This systolic murmur category will help you to learn about systolic murmurs including an innocent murmur, aortic sclerosis, aortic stenosis, mitral regurgitation, mitral valve prolapse, and hypertrophic cardiomyopathy.
systolic heart murmurs are the heart murmurs heard during systole. It begins during or after the first heart sound and ends before during the second heart sound.
Before you take this session you should have finished the normal heart sounds session, first heart sound, second heart sound sessions, and extra heart sounds (S3 & S4). You should feel gratified with your ability to listen and be familiar with normal heart sounds.
Please use good quality headphones or earphones. Computer or phones speakers often fail to reproduce some heart sounds.
Systolic murmurs Ejection systolic murmurs are caused by increased stroke volume (flow murmur), or stenosis of the aortic or pulmonary valve. An ejection murmur is also a feature of hypertrophic cardiomyopathy and is accentuated by exercise.
Aortic valve sclerosis is defined as calcification and thickening of the tri-leaflet aortic valve in the absence of obstruction of ventricular outflow.
Aortic stenosis is one of the most common and most serious valve disease problems. It is a narrowing of the aortic valve opening restricting the blood flow from the left ventricle to the aorta.
Mitral regurgitation is the oozing of blood backward through the mitral valve each time the left ventricle contracts.
Hypertensive cardiomyopathy is a structural cardiac disorder generally accompanied by concentric left ventricular hypertrophy associated with diastolic or systolic dysfunction in patients with persistent systemic hypertension (HTN)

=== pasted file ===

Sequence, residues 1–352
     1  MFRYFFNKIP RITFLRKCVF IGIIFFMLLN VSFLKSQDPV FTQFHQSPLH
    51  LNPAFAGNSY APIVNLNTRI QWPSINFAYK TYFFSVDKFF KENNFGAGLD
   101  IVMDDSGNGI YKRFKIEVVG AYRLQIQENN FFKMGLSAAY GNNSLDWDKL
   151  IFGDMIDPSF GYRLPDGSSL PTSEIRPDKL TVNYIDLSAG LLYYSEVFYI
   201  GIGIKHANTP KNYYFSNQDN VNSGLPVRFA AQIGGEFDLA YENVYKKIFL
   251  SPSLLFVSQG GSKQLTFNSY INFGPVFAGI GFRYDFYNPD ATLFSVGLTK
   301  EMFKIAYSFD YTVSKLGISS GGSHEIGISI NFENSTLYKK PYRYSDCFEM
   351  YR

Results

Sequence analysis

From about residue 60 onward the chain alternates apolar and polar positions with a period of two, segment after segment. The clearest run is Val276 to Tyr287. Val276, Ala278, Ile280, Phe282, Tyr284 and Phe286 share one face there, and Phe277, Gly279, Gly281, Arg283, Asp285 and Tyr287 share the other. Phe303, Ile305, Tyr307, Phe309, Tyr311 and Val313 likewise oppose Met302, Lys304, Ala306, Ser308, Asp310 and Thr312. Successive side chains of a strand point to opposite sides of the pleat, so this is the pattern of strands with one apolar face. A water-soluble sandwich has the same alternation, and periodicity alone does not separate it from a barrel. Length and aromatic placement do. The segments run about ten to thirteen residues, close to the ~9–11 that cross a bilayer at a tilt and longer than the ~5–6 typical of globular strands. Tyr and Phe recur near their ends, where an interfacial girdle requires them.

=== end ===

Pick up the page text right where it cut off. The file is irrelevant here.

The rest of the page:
In the medical practices, correct diagnosis and understanding of the case are important. So, while doing auscultation hearing the sounds correctly and identify the abnormalities in it is important.
Having prior practice to the sound will be a plus point for you, as we can do better in things we are familiar with. So, this site will be a friend for you in gaining practice in auscultation and learning different cases regarding it.
So, practice as much u want and gain your self-confidence, and help for your future practices. This site will always be a friend in need in case of learning about heart sounds.
Innocent heart murmurs are harmless blood noises, which usually flow in the inner chambers of the heart.
These murmurings are founded in the lower left of the sternum.
They sound musical or have a distinctly pure sound.
This is most likely to happen between the ages of 3 and teenage hood.
Because they are low in pitch, a stethoscope is used for it to be best heard.
Aortic stenosis mild
The aortic valve of the heart thinners mildly aortic stenosis occurs.
This limitation prevents the valve from opening entirely, which restricts or blocks blood flow to your body (aorta) from your heart through and out of the main artery.
There is also a loud murmuring in the systole early. When viewed in the phonocardiogram, it has a diamond-like appearance that comes when the murmur increases in tone.
The whisper is marked by a frequent VI that offers a cooing musical quality to the murmur.
Aortic stenosis – severe 2
Aortic stenosis is a condition in which there is an obstruction of blood flow across the aortic valve. Severe aortic stenosis is the condition in which the aortic valve undergoes stenosis.